Enabling this functionality is actually extremely easy to do, and is well documented here. Couple of screenshots to get the point across:
Well, in my first blog post, I talked about how easy it was to spoof a legitimate hot spot's SSID, attwifi in my example, and some of the risks associated with connecting to those. In my second post, I talked about Wireshark, and how easy it was to sniff traffic passing across the network to which you're connected. Put 'em together and what have you got? A method by which you can capture and view network traffic from mobile devices automatically connecting to you, trying to get Internet access.
Here's the setup: Internet connection --> Ubuntu laptop-Ethernet port --> WAN port-Asus WL-330GE Router-"Evil" attwifi network.
After you've configured Ubuntu to share out its Internet connection via the Ethernet port, and either rebooted or restarted the networking, your choice, you should find that the Internet-facing interface has reconnected back up, and the Ethernet interface will be ready to have a private address assigned to it, as per RFC 1918, once you plug in the router. In my case, it was a 10.x.x.x address.
Now, plug in the wireless router's WAN port to the laptop's Ethernet port, and power up the router. If it's configured to grab an IP address automatically via DHCP, it should also now have an IP address in the same subnet as the Ethernet interface of the laptop. The wireless side of the router will now be broadcasting the new "evil" SSID, attwifi in my case.
Connect a "victim" device to the attwifi network, and you should find that you can get Internet access routed through the router --> laptop --> real Internet connection. Now, run Wireshark on the Ubuntu laptop to capture clear-text traffic like http web traffic, smtp email traffic, telnet or ftp traffic, etc. sourced from your unwitting "victim" device.
One of the gotchas of running Wireshark on Ubuntu is that it will likely complain that there are no network interfaces to start capturing from. This is because Wireshark needs root access to place those network interfaces into what's called "promiscuous mode," listening to all network traffic, not just that which is only intended for the system itself. You can either "su" to root, or just "sudo wireshark" in order to get the necessary privileges to get Wireshark the access that it needs, and start capturing on the Ethernet interface of the laptop. Done deal.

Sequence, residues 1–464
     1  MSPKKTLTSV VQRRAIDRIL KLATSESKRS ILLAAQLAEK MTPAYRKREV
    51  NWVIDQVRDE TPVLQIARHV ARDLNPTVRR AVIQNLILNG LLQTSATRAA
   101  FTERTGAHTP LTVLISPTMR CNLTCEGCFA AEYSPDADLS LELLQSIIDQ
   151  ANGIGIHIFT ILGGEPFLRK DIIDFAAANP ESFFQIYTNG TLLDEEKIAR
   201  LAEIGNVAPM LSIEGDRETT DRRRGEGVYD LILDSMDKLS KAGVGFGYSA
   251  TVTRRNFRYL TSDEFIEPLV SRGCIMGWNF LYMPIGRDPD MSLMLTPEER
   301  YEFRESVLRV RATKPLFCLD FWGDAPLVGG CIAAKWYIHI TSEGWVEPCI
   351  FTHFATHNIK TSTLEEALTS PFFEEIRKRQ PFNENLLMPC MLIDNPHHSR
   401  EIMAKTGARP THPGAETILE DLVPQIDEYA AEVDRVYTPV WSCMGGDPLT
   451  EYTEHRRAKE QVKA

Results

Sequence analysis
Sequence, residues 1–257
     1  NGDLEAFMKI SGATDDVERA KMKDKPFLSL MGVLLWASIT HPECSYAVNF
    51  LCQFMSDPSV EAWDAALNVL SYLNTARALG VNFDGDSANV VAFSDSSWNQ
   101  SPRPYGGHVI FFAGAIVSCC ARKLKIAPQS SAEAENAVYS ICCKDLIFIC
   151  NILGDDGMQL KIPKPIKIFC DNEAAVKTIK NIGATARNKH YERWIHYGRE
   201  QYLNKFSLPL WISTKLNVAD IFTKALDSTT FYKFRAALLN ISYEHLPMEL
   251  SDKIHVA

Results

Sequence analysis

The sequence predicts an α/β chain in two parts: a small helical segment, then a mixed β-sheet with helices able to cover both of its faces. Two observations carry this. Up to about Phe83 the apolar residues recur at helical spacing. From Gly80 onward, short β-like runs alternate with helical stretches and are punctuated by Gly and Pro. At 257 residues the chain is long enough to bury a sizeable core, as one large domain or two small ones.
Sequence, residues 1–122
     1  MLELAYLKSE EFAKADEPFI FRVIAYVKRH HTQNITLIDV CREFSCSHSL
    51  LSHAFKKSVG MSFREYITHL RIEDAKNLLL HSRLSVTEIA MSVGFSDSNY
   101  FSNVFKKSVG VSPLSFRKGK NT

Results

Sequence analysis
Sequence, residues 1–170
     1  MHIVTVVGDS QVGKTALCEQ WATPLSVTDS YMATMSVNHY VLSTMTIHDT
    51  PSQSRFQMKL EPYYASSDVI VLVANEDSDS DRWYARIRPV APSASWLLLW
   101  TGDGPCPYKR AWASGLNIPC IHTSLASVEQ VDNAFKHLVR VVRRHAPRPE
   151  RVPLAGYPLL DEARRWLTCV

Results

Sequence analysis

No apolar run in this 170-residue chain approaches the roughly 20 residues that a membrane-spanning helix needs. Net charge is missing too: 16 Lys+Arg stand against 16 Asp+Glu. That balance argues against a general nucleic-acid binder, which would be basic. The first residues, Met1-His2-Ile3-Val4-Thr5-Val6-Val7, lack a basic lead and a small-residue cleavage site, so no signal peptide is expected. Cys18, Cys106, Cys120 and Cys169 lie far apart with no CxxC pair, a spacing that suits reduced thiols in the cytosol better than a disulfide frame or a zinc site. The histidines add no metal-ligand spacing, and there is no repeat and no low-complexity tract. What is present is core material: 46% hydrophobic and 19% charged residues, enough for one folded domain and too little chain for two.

You also have the ability to do things like create a replica of a legitimate hot spot's captive portal to put up once someone connects to your "evil" one. Then, you can capture a victim's hot spot credentials as well, in addition to their traffic once they've connected to you instead. How easy is it? Walk into a Starbucks, connect to their AT&T WiFi network, open up a browser, and when you get to their captive portal, from the File menu, just Save/Save Page As to pull down a copy of the site with all images and source code for your enjoyment. Modify it to your liking, run it on your own webserver on the laptop, and you can even point to various Hotspot Services from the DD-WRT router firmware.
You can also have some more fun by creating a proxy on your laptop and causing some browsing mayhem doing something like serving up the Upside-Down-Ternet. Watching the extremely confused looks on your victims' faces might actually be even more fun than just capturing their traffic and logon credentials, etc. :)
So the moral of the story hasn't changed, but let me summarize:
- Disable mobile device wireless when not in use.
- Be absolutely certain of what wireless networks you're connecting to and their legitimacy.
- Use encrypted protocols whenever possible.
- Don't do anything of a sensitive nature, like online banking or file transfers, when out and about using free, likely unsecured, wireless hotspots.
Like those Allstate commercials say, "Be better protected from mayhem like me. Dollar for dollar, nobody protects you from mayhem like [gobitech]." :)